Here at CEASE UK, we welcome the statement of Justice Minister Alex Chalk that the so-called “rough sex defence” will be explicitly outlawed in the forthcoming Domestic Abuse Bill. As campaign group We Can’t Consent to This point out, at least 60 women in the UK have been killed during sex as a result of “sex games gone wrong”, with many more having suffered injury. It is a positive step that the Government are willing to acknowledge the prevalence of this sexual violence disguised as “an accident”, and to make concrete promises in an effort to eradicate it.

The very defence itself makes a mockery of the reality of sexual violence, with lawyer Dr Ann Olivarius stating:

“No woman can consent to her own murder through a sexual practice she’s now conveniently unable to clarify, because she’s dead. The “rough sex” argument is a legal impossibility and a cultural abomination. It must go.”

This is just the start. Now is the time for the Government to look at one of the root causes of the increase of this type of sexual violence: pornography. Major porn sites such as Pornhub have been under the spotlight recently for their complicity in criminal acts and the proliferation of child sexual abuse images and videos, but we should not ignore the more subtle impact pornography has on those who watch it, and in this case, its impact on the likelihood that their sexual tastes become more violent.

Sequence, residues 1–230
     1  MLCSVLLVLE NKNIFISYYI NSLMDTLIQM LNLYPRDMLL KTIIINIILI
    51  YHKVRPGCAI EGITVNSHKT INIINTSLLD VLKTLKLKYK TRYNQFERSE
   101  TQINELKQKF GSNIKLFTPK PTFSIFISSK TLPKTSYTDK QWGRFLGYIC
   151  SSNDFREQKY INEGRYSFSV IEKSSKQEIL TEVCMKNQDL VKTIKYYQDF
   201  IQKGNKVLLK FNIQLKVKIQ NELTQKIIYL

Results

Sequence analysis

Research consistently shows that pornography use affects attitudes towards sex, with men reporting that they feel drawn towards initiating more violent acts and experimenting with things they would previously have found to be morally objectionable; and women have reported an increase in porn-style acts done to them with no prior consent or agreement.

This worrying trend speaks to the ubiquity of pornography, and how it has effectively been substituted as a method of sex education, where mutuality and consent are mere afterthoughts, and physical and verbal aggression are commonplace. This is simply not acceptable.

The Government’s intent to get to grips with the damaging impact porn is having on the emotional and psychological development of young people across the UK is good news. It must be accompanied by the promised review of the implementation of age verification technology within the much-discussed Online Harms Bill, to prevent those under 18 from accessing porn sites. But this is no silver bullet.

Age verification is only one way of dealing with the myriad problems posed by this unregulated and unchecked industry. It is no good simply regulating access if the public’s perception of porn is still skewed entirely in favour of the industry. This is a prime opportunity for the Government to get to grips with what is in reality, that contributes to violence against women, both in and outside of the bedroom.

At CEASE, we absolutely applaud the recognition that the “rough sex defence” is indeed unconscionable and inexcusable and that it normalises male violence, but the Government must go further. We are calling on the Government to acknowledge the links between porn use in the 21st century and male violence (which of course includes the “rough sex defence”). Only when we start to deconstruct and challenge all the contributing factors to violence against women will we begin to see its true extent, and importantly, how we can end it. There’s no time like the present.